The U.S. Army is looking into talent exchange programs in 2023 to gain expertise from technology experts that have worked in the private sector and can offer fresh ideas, according to Under Secretary Gabriel Camarillo.

One of the Army’s goals for 2023 is to upskill its workforce, Camarillo said today at the AFCEA NOVA Army IT Day, while declaring he is a “big fan” of the idea of talent exchange programs.

While the Army does a great job of putting officers and civilians to work in industry, he explained that it gets “a little more challenging” the other way around.

“What I’m interested in working on in 2023 is how do we have talent exchange programs [for] people with specific industry expertise to work in the Army,” Camarillo said. “It could be software development expertise, it could be data science… cybersecurity could be another one, where we can benefit from experience that the industry has on how to tackle some of these problems.”

“The challenge, of course, has always been making sure that we do so in a way that’s consistent with all of our Federal laws and regulations,” he continued. “I’m confident we can work our way through that, and I’m looking forward to working with my team on how to do it.”

Camarillo pointed to Ellen Lord, the former under secretary of defense for acquisition and sustainment under the last administration, who set up a talent exchange program that brought industry to work in the Defense Department (DoD) under various assignments. Going forward, he said the Army should look to Lord’s model and find ways to tailor it.

In a press conference following his keynote address, Camarillo told reporters that he would first focus on software development for a talent exchange program of his own. “Software development expertise is something that you can never have enough of,” he said.

The under secretary explained that the Army has a lot of talented senior-level employees that have also worked on the private sector side, but stressed it is “absolutely critical” to bring in new talent “at the levels where they can influence and help shape our approaches and our strategies moving forward.”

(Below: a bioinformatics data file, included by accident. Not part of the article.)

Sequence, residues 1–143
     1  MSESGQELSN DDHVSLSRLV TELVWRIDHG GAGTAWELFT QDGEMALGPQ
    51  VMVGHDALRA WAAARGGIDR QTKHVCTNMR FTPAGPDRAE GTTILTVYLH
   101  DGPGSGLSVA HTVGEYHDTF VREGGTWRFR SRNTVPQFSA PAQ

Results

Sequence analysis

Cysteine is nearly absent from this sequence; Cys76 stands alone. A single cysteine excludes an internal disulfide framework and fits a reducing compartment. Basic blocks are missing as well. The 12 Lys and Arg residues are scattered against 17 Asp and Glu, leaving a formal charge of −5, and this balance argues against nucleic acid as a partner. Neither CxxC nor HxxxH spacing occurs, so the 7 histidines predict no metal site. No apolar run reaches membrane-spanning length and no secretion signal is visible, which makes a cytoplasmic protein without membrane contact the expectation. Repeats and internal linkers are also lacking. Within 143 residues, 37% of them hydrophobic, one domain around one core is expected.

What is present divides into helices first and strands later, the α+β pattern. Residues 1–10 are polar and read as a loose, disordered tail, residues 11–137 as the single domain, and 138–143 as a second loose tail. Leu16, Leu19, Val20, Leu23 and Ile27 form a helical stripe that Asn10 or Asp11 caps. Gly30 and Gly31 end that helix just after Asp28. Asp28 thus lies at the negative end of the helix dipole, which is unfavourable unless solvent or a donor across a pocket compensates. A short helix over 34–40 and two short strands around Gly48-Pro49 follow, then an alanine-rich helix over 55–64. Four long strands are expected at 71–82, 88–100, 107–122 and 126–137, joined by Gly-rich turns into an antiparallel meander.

“I think one of the challenges we have is updating our approaches, understanding what are industry’s best practices, and leveraging folks who have done it in the private sector side who have not only familiarity with Agile software development practices, but also just know how to translate our processes in the Army and in the Department of Defense to that approach,” Camarillo said.

Red teaming plays an important part in that, he told reporters, in order to develop new ways of approaching a problem.

“We may develop a strategy and then kind of an acquisition strategy to a particular software effort in a certain way, but then when it makes contact with what industry can do, they might have a much more different, smarter, more expedient and efficient way of getting there,” the under secretary said. “And so, I think having that type of insight is going to be really helpful.”

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Grace Dille
Grace Dille
Grace Dille is a MeriTalk Senior Technology Reporter covering the intersection of government and technology.